CACI - Conditions AME Can Issue - as of January 2017 there are 16 conditions identified by the FAA, previously requiring approval from the Aerospace Medical Certification Division in Oklahoma City, that can now be issued by the AME at the time of the flight physical


Your AME can make the call without deferral to the Federal Air Surgeon prior to granting your medical certificate in these instances (talk to your AME BEFORE filling out medical application online):

- Asthma that is uncomplicated and has not necessitated frequent emergency-room visits or hospitalizations - asthma

- Diet-controlled Diabetes Mellitus - Pre-diabetes

- High blood pressure - Hypertension

- A solitary kidney stone that has passed with no retained stones

- Retained kidney stone(s)

- Chronic kidney disease

- Uncomplicated peptic ulcer 

- Arthritis

- Bladder Cancer 

- Colitis

- Glaucoma

- Hepatitis C - Chronic

- Hypothyroidism

- Migraine and Chronic Headache

- Prostate Cancer

- Renal Cancer

- Mitral valve repair

- Testicular Cancer



List of FAA-accepted medications - Pilot Medical Solutions, Inc.


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Air Docs



BasicMed Begins May 1, 2017  

April 24- General aviation pilots can now prepare to fly under BasicMed without holding a Federal Aviation Administration (FAA) medical certificate as long as they meet certain requirements. They can fly under BasicMed beginning on May 1, the effective date of the January 10 final rule. It offers pilots an alternative to the FAA's medical qualification process for third class medical certificates, while keeping general aviation pilots safe and flying affordable.

General aviation pilots may take advantage of the regulatory relief in the BasicMed rule or opt to continue to use their FAA medical certificate. Under BasicMed, a pilot will be required to complete a medical education course every two years, undergo a medical examination every four years, and comply with aircraft and operating restrictions. For example, pilots using BasicMed cannot operate an aircraft with more than six people onboard and the aircraft must not weigh more than 6,000 pounds.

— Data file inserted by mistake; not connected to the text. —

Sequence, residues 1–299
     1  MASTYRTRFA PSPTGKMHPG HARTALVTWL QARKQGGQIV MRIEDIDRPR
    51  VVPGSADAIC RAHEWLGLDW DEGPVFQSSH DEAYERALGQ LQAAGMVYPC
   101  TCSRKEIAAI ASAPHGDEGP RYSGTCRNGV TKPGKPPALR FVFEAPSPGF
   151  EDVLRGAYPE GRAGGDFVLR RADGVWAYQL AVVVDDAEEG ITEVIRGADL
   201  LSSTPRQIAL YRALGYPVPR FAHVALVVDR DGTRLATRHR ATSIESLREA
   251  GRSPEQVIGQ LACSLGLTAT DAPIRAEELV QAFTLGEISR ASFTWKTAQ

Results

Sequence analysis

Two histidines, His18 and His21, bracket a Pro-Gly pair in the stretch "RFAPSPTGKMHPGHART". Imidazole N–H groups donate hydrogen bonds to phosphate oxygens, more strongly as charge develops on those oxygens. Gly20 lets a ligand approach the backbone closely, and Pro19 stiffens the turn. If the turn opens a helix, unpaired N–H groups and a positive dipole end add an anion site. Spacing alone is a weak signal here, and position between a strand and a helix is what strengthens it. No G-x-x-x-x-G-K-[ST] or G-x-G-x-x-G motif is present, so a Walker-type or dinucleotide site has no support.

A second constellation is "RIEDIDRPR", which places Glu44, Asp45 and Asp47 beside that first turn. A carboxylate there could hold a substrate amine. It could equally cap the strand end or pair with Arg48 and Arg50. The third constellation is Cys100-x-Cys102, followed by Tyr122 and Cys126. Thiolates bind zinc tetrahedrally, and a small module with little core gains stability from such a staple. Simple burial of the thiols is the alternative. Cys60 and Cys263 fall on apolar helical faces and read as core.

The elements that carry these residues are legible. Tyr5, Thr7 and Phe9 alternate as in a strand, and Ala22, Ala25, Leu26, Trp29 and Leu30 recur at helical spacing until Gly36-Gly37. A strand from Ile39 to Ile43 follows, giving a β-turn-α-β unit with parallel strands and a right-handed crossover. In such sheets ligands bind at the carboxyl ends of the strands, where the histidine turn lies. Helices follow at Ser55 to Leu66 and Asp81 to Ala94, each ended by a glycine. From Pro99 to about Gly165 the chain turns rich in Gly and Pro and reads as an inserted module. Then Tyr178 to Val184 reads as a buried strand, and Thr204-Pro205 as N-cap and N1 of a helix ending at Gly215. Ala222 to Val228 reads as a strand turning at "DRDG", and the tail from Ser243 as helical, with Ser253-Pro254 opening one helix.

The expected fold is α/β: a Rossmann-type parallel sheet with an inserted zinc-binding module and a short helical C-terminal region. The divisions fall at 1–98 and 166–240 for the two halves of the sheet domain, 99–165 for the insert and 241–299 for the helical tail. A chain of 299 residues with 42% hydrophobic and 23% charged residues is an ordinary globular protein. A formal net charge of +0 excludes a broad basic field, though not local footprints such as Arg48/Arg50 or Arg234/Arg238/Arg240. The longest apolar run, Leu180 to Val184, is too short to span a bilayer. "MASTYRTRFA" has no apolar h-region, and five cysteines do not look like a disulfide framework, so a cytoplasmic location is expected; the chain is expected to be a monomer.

A pilot flying under the BasicMed rule must:·      


  • possess a valid driver's license;
  • consent to a National Driver Register check;
  • have held a medical certificate that was valid at any time after July 15, 2006;
  • have not had the most recently held medical certificate revoked, suspended, or withdrawn;
  • have not had the most recent application for airman medical certification completed and denied;
  • have taken a BasicMed online medical education course within the past 24 calendar months;
  • have completed a comprehensive medical examination with any state-licensed physician within the past 48 months;
  • have been found eligible for special issuance of a medical certificate for certain specified mental health, neurological, or cardiovascular conditions, when applicable; and
  • not fly for compensation or hire.


Pilots can read and print the Comprehensive Medical Examination Checklist and learn about online BasicMed online medical courses at